Lets be clear, it wasn’t long hair that was keeping these chaps unemployed, it was the apathy and depression associated with long-term unemployment combined with lack of experience that was the problem.  The solution in these situations is usually obvious, instead of trying to make these people get jobs by assuming they could if we just starved them (cutting benefits), experience suggests jobs need to be found specifically for them, and support given whilst they enter the workplace and build up confidence and self-esteem.

On the other hand Diggers, your hair is a joke. Get a hair cut.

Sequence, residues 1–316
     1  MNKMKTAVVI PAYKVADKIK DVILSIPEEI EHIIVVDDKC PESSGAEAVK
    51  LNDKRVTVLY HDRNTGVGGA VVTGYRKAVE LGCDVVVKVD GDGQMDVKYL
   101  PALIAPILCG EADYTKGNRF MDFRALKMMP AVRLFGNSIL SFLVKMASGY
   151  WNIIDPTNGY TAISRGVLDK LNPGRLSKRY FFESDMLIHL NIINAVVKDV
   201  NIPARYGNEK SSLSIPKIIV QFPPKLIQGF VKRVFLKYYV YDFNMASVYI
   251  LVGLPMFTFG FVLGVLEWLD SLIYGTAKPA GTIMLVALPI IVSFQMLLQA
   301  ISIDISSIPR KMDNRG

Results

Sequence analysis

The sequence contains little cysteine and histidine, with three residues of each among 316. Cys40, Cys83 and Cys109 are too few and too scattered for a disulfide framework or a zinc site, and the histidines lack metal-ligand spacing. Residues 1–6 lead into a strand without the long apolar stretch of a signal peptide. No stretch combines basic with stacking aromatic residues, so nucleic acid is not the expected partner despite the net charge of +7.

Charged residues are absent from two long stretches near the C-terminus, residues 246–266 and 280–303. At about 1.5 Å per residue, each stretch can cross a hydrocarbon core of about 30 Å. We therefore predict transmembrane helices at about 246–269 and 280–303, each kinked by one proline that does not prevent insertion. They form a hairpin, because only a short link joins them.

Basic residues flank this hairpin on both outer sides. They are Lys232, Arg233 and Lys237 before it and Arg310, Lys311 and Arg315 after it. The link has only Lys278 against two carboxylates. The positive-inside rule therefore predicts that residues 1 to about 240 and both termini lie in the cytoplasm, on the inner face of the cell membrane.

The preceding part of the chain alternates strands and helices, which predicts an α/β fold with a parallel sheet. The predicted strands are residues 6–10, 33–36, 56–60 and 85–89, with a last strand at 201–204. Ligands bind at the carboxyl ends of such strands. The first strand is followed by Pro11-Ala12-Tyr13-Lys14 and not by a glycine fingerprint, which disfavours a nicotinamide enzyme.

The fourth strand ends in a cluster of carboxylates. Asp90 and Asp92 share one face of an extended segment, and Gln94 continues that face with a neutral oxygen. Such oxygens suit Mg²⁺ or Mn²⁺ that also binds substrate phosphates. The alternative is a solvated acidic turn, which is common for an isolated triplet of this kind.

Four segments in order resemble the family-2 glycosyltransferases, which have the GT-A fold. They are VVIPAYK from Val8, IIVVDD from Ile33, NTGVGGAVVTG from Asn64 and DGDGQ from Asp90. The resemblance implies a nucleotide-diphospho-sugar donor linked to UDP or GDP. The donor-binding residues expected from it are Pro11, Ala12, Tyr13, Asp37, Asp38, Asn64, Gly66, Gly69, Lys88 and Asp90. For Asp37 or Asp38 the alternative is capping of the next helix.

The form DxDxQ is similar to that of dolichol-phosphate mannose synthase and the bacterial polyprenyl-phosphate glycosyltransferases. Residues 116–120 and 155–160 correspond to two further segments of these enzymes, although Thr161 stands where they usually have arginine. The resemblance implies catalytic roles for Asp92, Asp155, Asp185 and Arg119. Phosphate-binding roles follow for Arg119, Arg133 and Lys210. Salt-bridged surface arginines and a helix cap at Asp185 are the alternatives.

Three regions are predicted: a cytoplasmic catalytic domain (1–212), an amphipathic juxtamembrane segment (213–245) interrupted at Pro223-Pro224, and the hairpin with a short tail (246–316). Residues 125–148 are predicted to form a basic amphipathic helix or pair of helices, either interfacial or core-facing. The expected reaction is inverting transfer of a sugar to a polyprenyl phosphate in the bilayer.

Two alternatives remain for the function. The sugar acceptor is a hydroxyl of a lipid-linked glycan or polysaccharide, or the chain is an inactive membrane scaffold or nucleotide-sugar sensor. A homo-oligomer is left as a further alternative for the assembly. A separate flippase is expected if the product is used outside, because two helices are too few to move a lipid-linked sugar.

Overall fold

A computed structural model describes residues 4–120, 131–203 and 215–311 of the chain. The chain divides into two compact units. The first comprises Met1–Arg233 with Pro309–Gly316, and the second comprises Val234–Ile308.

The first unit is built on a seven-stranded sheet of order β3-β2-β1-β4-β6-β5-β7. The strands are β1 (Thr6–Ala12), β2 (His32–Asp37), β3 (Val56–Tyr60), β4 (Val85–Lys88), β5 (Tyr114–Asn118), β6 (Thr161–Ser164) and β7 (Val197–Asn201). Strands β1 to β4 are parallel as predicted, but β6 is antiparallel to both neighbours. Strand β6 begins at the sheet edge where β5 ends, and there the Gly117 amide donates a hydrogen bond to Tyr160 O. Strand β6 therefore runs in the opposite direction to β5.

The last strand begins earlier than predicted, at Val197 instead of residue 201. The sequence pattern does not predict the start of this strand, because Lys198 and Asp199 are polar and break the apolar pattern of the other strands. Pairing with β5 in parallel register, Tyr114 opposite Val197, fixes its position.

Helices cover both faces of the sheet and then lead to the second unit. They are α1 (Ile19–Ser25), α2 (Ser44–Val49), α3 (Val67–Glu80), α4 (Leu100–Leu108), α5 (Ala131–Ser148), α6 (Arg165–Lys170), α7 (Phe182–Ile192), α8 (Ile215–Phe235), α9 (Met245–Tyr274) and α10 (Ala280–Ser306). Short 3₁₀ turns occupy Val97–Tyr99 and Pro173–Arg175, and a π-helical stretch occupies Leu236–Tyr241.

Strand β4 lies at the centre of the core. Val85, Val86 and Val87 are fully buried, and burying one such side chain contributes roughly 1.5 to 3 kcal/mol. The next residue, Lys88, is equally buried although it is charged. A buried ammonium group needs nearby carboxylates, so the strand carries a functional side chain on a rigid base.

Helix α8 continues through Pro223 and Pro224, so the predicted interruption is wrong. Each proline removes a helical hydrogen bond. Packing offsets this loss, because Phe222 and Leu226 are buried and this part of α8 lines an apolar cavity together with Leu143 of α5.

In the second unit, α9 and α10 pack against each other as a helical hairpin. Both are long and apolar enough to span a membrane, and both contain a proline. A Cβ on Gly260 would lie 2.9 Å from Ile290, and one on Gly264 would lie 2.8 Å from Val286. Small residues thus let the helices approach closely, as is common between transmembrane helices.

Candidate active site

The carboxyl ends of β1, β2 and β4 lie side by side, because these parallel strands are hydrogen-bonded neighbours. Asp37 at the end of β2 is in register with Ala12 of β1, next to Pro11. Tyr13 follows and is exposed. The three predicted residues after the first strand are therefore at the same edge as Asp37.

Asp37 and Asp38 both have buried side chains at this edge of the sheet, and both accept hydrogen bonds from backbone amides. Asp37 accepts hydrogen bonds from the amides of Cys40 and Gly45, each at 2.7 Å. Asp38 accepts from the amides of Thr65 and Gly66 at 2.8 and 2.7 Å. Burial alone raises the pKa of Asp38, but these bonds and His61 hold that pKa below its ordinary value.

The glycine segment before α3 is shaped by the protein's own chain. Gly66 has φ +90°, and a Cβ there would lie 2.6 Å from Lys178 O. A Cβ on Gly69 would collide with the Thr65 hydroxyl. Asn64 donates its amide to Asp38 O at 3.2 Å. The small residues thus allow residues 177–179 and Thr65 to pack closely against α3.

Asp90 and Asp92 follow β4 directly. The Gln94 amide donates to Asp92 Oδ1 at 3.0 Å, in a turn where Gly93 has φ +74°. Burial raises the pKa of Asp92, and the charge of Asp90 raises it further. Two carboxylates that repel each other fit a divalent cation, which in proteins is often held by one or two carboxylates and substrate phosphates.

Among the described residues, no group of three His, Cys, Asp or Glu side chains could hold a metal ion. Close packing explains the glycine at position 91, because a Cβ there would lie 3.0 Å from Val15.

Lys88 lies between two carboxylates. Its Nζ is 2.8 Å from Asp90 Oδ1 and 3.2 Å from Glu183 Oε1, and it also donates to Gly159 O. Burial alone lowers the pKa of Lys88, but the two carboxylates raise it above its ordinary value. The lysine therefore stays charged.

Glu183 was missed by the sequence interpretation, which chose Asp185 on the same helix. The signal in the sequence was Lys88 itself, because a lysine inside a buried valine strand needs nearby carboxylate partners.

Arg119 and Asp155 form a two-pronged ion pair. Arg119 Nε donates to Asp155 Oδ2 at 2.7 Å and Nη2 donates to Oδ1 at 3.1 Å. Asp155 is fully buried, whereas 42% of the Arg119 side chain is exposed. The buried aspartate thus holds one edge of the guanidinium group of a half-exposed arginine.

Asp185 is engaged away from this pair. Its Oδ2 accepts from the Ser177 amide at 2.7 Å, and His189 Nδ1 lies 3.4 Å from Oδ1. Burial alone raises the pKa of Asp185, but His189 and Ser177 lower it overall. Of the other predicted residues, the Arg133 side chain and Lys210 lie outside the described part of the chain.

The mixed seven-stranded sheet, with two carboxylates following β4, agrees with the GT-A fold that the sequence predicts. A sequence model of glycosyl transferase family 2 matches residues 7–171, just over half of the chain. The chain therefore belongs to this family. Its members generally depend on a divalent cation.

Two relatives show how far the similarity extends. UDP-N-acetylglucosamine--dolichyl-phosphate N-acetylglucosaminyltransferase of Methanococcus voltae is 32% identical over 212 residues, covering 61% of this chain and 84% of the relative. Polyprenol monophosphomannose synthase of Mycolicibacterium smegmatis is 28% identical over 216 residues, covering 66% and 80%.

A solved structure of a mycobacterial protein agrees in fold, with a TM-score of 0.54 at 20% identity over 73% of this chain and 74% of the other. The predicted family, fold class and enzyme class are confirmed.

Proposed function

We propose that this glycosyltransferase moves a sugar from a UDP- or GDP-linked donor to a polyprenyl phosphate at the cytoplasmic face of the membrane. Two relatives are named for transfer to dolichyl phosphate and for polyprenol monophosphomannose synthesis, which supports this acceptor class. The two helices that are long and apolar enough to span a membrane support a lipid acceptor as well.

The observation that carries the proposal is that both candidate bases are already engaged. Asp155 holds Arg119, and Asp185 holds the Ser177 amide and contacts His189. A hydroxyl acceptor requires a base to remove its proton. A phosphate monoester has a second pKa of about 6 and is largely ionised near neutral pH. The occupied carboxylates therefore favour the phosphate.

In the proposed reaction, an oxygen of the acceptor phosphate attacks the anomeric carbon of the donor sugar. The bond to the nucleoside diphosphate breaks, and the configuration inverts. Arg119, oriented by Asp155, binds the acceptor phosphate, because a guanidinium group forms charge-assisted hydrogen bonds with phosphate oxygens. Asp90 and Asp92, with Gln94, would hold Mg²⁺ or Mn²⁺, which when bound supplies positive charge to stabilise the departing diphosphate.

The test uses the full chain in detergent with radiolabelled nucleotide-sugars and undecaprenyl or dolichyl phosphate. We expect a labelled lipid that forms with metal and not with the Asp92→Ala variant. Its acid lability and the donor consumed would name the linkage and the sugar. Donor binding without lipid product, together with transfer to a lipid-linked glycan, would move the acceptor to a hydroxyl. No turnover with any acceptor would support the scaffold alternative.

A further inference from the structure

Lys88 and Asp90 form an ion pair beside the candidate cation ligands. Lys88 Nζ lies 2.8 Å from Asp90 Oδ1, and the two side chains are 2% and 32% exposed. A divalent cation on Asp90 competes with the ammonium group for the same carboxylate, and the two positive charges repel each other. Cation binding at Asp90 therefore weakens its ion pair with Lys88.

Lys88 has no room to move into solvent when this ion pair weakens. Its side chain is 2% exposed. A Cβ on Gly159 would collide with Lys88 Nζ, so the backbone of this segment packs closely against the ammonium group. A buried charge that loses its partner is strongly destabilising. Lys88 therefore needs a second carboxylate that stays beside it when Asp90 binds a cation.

Imagine you are skint.

Imagine you have also run up some debt on your credit card.

You open up a spreadsheet on your laptop, and calculate your monthly income and outgoings. You notice that you are spending more money than you receive. Clearly you can’t carry on like this.

So you decide to change your spending habits so that you are earning more than you spend. At first this involves making cuts; you forgo the pub lunches and make sandwiches, you get pissed once a week instead of twice, and you buy clothes from a charity shop instead of brand new.

In the longer term you think about how you raise your income, perhaps you look for a better paid job, and maybe you think about paying your debts down by selling some old junk you don’t need.